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Vol 35 No 2, April - June 1997
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Portfolio Development
An Introduction
BY ERLYN BAAK


There is a wide body of theoretical research proposing the use of portfolios in ESL composition classes. The purpose of this article is to describe how I have applied existing theoretical research at the practical level in the intermediate/advanced composition classes from teaching experiences in both the U.S. and Mexico. I believe teachers should consider portfolio development in their composition classes because portfolios can measure the growth of students’ abilities as writers, promote ownership of students’ own writing, and, along with a scoring rubric, provide a mechanism by which students can assess their own strengths and weaknesses as writers.

It is important for the reader to note that the following description of the process of portfolio development is one that has worked for me at the levels I have taught. This may not apply directly to other contexts; however, an important characteristic of portfolio development is its “adaptability” to other levels and contexts. According to Hamp-Lyons, a proponent of portfolio development, “Multiple trait instruments are grounded in the context in which they are used, and they are therefore developed onsite for a specific purpose with a specific group of writers…” (p. 10). With this in mind, ESL composition teachers at the beginning, intermediate, or high advanced levels should seek to modify the following processes to accomplish their own specific goals.

In describing my experience with portfolio development, I would like to start with the end product, the portfolios themselves. I will describe the essays that I require in the completed portfolios, the rationale for each essay, and, finally, the arrangement of the essays within the portfolio. Then, I will show the process—including outline, rough draft(s), peer comments, and revision(s)—by which students develop their portfolios.




Portfolio description


The first requirement of the teacher is to decide which essays should be included in the portfolio. Of the seven essays that my intermediate students write throughout the semester, I require that four be included in students’ portfolios. The first required writing for the portfolio is a timed, impromptu essay written on the first day of class from a list of five prompts. The rationale for requiring a timed impromptu essay written on the first day is to enable the student and reader to see a foundation upon which writing in the class begins. In addition, students and readers can compare impromptu essay writing on the first day of class with a timed essay written on the last day of class. Beyond that, both these timed, in-class essays can be compared to compositions that have gone through multiple drafts and revisions.

Impromptu topics that I have used are presented to the students on the first day of class, with the following instructions:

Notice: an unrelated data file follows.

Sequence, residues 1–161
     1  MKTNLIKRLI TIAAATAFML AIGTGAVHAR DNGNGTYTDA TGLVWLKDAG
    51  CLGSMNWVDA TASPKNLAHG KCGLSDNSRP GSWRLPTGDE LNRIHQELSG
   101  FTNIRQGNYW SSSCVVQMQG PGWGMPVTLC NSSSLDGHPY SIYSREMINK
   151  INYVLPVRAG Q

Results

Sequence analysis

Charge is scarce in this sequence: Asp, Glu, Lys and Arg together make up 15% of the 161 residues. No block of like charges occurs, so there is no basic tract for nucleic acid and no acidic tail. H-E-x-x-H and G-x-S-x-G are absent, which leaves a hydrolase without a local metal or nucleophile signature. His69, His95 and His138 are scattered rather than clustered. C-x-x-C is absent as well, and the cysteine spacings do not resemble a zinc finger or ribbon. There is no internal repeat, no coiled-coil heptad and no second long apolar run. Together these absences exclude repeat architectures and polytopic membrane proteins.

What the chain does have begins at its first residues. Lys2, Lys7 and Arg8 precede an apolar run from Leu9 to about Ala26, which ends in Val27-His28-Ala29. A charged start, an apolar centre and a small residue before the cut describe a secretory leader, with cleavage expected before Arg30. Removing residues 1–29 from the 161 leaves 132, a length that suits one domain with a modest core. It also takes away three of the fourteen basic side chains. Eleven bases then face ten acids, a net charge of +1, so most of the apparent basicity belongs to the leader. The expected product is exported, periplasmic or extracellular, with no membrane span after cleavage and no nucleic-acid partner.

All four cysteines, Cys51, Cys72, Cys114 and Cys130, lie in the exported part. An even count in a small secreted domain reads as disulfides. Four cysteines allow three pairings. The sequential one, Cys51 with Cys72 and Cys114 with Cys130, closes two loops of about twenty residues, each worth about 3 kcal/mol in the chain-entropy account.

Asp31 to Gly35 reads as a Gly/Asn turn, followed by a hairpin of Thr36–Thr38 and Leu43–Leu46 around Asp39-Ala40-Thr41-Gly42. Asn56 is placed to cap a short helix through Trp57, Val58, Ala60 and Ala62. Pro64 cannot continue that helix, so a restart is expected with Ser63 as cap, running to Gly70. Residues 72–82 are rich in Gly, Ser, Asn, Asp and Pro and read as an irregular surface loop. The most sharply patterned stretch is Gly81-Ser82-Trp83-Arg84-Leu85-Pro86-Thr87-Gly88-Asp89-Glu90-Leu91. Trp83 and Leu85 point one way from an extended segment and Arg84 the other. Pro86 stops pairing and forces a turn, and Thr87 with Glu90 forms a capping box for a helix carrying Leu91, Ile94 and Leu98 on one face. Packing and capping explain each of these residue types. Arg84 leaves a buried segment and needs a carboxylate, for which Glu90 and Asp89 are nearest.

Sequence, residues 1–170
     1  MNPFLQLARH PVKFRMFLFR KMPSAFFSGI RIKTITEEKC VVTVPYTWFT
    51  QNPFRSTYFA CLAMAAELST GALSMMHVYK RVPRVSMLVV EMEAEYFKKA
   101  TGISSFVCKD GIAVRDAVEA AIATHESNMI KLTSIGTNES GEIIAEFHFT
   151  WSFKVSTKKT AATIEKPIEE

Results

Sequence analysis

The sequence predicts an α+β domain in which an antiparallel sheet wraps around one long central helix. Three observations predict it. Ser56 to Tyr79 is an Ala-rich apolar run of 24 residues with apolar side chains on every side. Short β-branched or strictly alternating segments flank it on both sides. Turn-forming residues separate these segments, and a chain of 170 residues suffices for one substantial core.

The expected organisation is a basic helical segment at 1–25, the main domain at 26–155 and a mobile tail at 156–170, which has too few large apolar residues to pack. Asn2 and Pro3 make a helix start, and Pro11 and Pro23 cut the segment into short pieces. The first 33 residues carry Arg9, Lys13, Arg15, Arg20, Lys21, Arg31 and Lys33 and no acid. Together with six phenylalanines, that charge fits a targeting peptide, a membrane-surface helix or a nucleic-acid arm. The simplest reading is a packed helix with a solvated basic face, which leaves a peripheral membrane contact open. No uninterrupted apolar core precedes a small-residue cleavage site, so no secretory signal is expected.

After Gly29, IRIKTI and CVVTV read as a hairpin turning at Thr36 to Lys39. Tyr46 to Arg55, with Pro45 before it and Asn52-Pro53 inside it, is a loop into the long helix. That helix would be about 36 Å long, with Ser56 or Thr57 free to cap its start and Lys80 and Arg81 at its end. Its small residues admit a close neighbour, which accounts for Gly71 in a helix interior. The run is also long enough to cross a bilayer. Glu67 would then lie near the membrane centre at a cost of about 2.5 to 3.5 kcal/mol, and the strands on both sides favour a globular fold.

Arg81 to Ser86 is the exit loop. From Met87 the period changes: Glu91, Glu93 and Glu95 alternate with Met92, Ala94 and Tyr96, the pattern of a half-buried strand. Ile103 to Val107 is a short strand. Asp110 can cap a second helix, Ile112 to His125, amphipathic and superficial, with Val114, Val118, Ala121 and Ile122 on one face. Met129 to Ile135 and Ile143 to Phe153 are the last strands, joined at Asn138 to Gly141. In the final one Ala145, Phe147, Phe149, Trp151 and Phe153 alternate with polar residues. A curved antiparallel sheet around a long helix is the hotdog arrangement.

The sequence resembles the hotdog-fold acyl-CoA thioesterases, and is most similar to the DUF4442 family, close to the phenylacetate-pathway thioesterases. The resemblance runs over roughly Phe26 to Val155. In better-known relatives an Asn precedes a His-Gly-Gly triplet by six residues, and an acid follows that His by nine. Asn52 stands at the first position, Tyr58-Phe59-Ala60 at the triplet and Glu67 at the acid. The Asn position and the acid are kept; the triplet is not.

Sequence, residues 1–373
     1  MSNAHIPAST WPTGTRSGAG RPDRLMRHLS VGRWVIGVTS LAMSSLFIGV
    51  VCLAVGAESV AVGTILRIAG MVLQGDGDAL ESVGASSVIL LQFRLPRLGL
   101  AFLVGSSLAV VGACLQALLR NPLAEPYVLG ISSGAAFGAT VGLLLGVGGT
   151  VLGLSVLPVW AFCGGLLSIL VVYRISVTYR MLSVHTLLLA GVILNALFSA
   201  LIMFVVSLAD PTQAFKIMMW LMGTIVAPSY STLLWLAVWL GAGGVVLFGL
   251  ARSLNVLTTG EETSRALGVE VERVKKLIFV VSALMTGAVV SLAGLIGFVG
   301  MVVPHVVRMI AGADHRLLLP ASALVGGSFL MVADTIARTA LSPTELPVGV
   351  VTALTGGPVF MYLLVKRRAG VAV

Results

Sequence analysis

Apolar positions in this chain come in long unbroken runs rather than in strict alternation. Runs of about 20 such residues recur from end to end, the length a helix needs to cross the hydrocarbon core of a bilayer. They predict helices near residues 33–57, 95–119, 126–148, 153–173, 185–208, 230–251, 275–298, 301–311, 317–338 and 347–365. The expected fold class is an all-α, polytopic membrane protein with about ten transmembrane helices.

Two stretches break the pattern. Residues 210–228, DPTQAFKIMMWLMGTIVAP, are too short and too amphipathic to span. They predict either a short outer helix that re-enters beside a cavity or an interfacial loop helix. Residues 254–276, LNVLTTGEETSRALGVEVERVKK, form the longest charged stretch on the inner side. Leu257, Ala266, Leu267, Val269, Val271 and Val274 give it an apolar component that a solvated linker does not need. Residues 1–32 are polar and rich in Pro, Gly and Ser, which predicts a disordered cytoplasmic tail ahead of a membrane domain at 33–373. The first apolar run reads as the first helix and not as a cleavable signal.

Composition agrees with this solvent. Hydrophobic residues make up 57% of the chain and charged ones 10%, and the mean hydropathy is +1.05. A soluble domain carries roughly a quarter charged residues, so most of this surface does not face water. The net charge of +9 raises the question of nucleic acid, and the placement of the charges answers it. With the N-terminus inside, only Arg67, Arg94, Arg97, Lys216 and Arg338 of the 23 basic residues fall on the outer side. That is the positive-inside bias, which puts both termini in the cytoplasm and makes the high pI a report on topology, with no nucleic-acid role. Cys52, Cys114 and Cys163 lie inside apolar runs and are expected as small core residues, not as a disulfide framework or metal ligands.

Topics for Impromptu Essay
Time: 45 minutes
Directions: Choose one of the following topics to write a well-developed essay (i.e., introduction, supporting examples, details, and conclusion).
1. Environmental issues are serious concerns in the world today. Choose an issue (for example, air pollution, accumulation of garbage, overpopulation, use of resources), and discuss this issue (its causes, effects, and possible solutions).
2. Describe what you think would be most important for a foreigner to know about your country and why you chose that topic.
3. All of us have special people in our lives who have influenced us. Pick someone from your life and tell how that person has influenced you and how that has changed you.
4. Explain why you have decided to go to college and what difference you expect it to make in your life.
5. After some sixteen years of schooling, you are likely to have had some good teachers. In your view, what are the characteristics of a good teacher?


The rationale for providing students with a choice of topics and genres is to engage the student in a subject of interest to him/her. Forty-five minutes should be enough time for students to think briefly about each topic before choosing the one they can develop best.

The second required essay for the portfolio is a timed essay written on the last day of class. This essay also serves as a cover letter introducing the portfolio and the compositions in it to the portfolio reader. An example of the format for the in-class final essay follows.

The rationale for the self-reflective format of the cover letter is to encourage the students to demonstrate the degree to which they have become conscious of their own writing strengths and weaknesses. The rationale for allowing forty-five minutes is to provide adequate time for students to consider and provide reasons for each of the four writing samples they have chosen for their portfolios. In addition, it is the same amount of time that was provided for the impromptu essay written on the first day of class, making the comparison between the timed essays written on the first and last day of classes more valid.


IN-CLASS, FINAL ESSAY
Time: 45 minutes